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Bundesliga news: Juventus officially exercises option to buy Weston McKennie from Schalke 04

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This might be the cap on one of the worst seasons in club history — if not Bundesliga history.

Juventus v FC Crotone - Serie A Photo by Daniele Badolato - Juventus FC/Juventus FC via Getty Images

It’s been an awful season for fans of the Gelsenkirchen club FC Schalke 04. Just a few years ago the club was competing with Bayern Munich and Borussia Dortmund on the European stage. Now, the team is destined for relegation amidst a tumultuous season.

And now comes the icing on this dumpster fire cake.

One of Schalke’s best players in the last three years - American midfielder Weston McKennie — has officially had his option-to-buy rights executed by his current club, Italian giants Juventus.

This was reported on by Fabrizio Romano, and confirmed by both clubs:

The fee coming back to the Königsblauen is reportedly around €18.5 million (roughly $22.3 million USD or £15.9 million). According to Romano, there are about €6.5 million worth of fees that could kick in if conditions are met during McKennie’s career.


BFW Analysis

There are some realities when it comes to this situation. Much like the sun rising, this season has proven that Schalke are always in desperate need of money.

Things have been tough financially ever since Chairman Clemens Toennies was ousted from the board. However, I don’t know anyone who would defend keeping him there after he made some incredibly racist statements while in charge at the club.

In the immediate time, yes, it’s a good chunk of cash for a team desperately in need of it. €18.5 million is nothing to scoff at and it’s a good thing the club was able to put themselves in a position to cash-in on players.

Failure to sell younger players at the optimal time has been one of the biggest missteps in the club’s last 10 years. While they have made a good chunk of cash on players like Thilo Kehrer (€37 million to PSG in 2018/2019), Julian Draxler (€43 million to Wolfsburg in 2015/2016) and Leroy Sane (€52 million to Manchester City in 2016/17), they have lost out on just as much money in the form of undervaluing academy players or letting them go for free.

Because in the span of about 7-8 years, they let tens of millions walk out of the Ruhr valley for free. In the same window that Sane left for City, center-back Joel Matip joined Liverpool for free. The year before that, the unassuming free transfer of center-back Christian Fuchs may have stung the Schalke faithful as he became one of the key contributors to a Leicester City team which won the Premier League title. And in more recent years since then the likes of Sead Kolasinac, Max Meyer, Leon Goretzka, and Alexander Nübel have left Schalke on free transfers.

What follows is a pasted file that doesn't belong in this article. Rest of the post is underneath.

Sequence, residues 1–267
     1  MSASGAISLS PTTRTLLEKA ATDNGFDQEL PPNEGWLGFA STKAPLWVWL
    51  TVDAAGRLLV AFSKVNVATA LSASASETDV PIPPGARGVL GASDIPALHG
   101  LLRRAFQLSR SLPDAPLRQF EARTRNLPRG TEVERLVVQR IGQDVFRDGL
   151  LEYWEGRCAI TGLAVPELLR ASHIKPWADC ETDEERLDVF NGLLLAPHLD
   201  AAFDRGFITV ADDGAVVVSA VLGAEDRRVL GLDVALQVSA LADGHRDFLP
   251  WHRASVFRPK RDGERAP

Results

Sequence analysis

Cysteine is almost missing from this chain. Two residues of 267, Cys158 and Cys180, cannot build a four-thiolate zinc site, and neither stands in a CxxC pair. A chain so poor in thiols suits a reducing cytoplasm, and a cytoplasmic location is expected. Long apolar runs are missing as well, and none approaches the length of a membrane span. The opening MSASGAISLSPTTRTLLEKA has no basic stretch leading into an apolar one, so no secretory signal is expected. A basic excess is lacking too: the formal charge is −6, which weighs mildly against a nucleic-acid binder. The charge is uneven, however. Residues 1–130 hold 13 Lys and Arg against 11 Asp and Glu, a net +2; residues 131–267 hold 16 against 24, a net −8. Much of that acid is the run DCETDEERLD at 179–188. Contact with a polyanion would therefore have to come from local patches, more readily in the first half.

But even when you consider the damage done by failing to gain anything, Schalke have still shown their inability to properly evaluate their own players in accordance with the transfer market. Take Ivan Rakitic for example. When Schalke sold him in the 2010/2011 season, they only managed a fee of €2.5 million. When compared to the Transfermarkt evaluation at the time of €9 million, there was a clear oversight. Sevilla went on to sell him to Barcelona for over seven times what they paid for him.

And this brings me back to McKennie. His option to buy at Juventus was valued at €18.5 million (again, roughly $22.3 million USD). Transfermarkt currently values McKennie at roughly €22.8 million ($27.5 million USD). But even beyond what TM thinks his value is, McKennie needs to have been fully appreciated and realized by his parent club for what he is: a quality holding midfielder aged 22 years beginning to enter his prime. One could imagine that under any other circumstances, a club would demand around €30-35 million for McKennie, but not at Schalke.

It’s just yet another example of a disappointing mistake from the Schalke board. One could imagine how different the team would have performed this year if a player of McKennie’s ability was dictating tempo and pushing the team. Instead, Schalke are left with “what-ifs” as they whiff on another transfer and sink further into the pits of relegation.